CalTrans Home Sales South Pasadena | Confusion & Poor Communication Over Status of Caltrans Properties

Home are not yet available to the public for purchase as promoted on brokers website. Early announcement causes major debacle at South Pasadena City Hall.

CalTrans Homes for sale and now on the market in South Pasadena. Not Ready to sell yet. Not ready to sell yet. CalTrans Homes for sale are NOT on the market in South Pasadena until State Approval Process & Close of Escrow to The City of South Pasadena in order to resell.
Not ready to sell yet. CalTrans Homes for sale are NOT on the market in South Pasadena until State Approval Process & Close of Escrow to The City of South Pasadena in order to resell.

Confusion about the status of historic Caltrans homes blew up this week when the city’s contracted realtor published a press release suggesting they were ready for sale to the public.

But the five unoccupied historic homes that the city of South Pasadena is purchasing from Caltrans are currently in escrow to the City of South Pasadena for resale to the public, according to a Caltrans spokesperson. The City’s purchase escrow won’t close until the sales are approved by the California Transportation Commission, which likely won’t act until later this summer. There is no formal date for the close of escrow, said Caltrans’ Eric Menjivar, and even then, escrow could be extended.

The City of South Pasadena approved contracts to buy the five homes from CalTrans—four single family dwellings and one multifamily unit–back on Feb. 7. Under SB 381, the city-sponsored legislation advanced by Sen. Anthony Portantino, the city is authorized to resell the homes. It hired the Dave Knight Real Estate Team of Keller Williams to handle the resales.

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This week, Dave Knight issued a press release saying the homes are being “returned to the residential real estate market for new owners to once again enjoy.” But the properties had not yet been placed on the official Multiple Listing Service.

Further confusing matters are details about how the resales are being structured. The South Pasadena Preservation Foundation, which has been closely monitoring the historic properties reintroduction into the city city’s tax roles, has repeatedly recommended that the sales be structured as “side by side” sales, meaning that the escrows for both the purchase by the city from Caltrans and the city’s resale of the properties to individual buyers, would run simultaneously.

SPPF has also pushed hard for a set of criteria designed to ensure that the houses will be sold to people with a strong interest in South Pasadena, and who have the financial wherewithal to preserve and restore the homes, which are being sold to the city “as is.” SPPF also wants to ensure the homes won’t be sold to flippers or speculators.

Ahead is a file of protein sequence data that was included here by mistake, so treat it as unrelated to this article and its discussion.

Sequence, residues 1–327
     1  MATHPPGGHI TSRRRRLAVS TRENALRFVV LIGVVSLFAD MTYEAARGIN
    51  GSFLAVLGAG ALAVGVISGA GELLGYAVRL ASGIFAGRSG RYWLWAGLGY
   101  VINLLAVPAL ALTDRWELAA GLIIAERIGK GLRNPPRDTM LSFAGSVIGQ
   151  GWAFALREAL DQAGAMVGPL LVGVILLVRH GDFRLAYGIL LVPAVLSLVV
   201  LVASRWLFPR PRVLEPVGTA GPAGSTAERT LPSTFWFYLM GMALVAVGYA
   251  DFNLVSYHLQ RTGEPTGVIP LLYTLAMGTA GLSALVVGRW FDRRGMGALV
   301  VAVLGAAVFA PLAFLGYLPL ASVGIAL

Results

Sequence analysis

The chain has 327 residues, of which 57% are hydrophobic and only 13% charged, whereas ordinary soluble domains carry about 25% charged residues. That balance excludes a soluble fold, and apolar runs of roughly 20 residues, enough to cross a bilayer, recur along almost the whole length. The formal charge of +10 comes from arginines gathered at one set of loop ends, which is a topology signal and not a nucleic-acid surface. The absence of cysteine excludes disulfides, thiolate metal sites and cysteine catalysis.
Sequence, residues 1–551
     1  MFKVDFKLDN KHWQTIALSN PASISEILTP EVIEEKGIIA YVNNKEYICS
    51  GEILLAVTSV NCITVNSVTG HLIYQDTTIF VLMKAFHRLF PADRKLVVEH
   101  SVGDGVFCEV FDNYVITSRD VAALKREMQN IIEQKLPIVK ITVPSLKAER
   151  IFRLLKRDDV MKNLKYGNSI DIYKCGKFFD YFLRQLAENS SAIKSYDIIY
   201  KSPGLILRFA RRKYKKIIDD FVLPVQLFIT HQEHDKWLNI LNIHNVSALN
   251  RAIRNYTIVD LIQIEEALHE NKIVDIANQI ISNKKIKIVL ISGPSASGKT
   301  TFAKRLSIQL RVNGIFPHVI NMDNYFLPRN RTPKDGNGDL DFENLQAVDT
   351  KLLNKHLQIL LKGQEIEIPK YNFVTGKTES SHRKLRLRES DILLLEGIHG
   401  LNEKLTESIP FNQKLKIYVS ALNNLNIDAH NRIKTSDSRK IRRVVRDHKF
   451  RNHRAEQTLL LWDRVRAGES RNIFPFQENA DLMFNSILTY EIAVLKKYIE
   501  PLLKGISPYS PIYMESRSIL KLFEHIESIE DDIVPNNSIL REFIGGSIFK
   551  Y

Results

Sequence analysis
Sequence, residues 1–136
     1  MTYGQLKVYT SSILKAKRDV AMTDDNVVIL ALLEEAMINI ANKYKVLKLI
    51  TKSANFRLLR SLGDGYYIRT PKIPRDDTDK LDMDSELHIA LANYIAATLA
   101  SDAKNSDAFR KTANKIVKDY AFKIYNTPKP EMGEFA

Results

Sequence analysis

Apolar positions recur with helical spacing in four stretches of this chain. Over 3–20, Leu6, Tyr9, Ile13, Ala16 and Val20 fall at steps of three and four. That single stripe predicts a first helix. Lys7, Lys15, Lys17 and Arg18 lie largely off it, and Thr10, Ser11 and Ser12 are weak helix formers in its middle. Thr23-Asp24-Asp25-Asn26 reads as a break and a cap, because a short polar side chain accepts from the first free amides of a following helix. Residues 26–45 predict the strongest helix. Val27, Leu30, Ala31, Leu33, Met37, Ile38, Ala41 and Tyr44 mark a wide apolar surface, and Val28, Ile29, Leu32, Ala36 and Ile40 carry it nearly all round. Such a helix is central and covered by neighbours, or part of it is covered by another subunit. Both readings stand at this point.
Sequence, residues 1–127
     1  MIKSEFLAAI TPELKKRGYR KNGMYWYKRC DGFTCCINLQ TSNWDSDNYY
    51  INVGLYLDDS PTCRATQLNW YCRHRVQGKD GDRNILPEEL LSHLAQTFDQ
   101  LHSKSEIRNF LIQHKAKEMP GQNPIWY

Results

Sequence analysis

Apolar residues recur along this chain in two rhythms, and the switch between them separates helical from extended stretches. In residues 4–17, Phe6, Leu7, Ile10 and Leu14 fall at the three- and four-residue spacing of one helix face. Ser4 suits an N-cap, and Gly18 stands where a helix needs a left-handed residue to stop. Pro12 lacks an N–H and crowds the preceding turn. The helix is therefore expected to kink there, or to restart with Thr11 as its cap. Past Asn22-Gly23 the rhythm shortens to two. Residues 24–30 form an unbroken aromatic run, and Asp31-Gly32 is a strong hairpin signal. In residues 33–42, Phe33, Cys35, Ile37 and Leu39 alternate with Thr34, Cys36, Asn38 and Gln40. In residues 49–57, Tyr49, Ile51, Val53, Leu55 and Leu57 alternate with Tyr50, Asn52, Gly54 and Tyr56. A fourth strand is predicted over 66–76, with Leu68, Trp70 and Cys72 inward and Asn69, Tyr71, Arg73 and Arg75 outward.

City Council member Janet Braun told the South Pasadenan News Friday the city is on board with the substance of the SPPF priorities in that it wants buyers who can demonstrate their ability to purchase and restore the homes, and ensure there are no conflicts of interest. She said the Council has discussed the criteria with the realtor. But the details have not been finalized and Braun was uncertain how the criteria will be enforced, for example through covenants or good faith agreements tied to the sales contract. But she noted the city council will have final say over to whom the properties are sold.

However, since all city real estate negotiations are handled in closed session, it is unclear what public assurance citizens will have that the protective criteria are consecrated.

South Pasadena City offices were closed Friday.

The five properties are only the first tranche of Caltrans houses in the former 710 corridor in South Pasadena set for re-entry into the residential market. Caltrans has offered to sell South Pasadena a total of 37 residential unoccupied houses originally acquired decades ago for the now-defunct SR 710 freeway extension.

In addition, there are 50 occupied Caltrans residential properties in the city. Caltrans has made offers to the occupants of those properties to purchase their homes. Throughout the corridor, which includes properties in Pasadena, El Sereno and South Pasadena, tenants of 23 Caltrans’-owned occupied properties are currently in escrow to buy their homes; seven contracts are pending and many others are currently under review for eligibility determinations, Caltrans reported this week.


Ben Tansey
Ben Tansey is a journalist and author. He grew up in the South Bay and is a graduate of Evergreen State College. He worked in Washington State as a reporter in a rural timber community and for many years as an editor for a Western electric energy policy publication based in Seattle.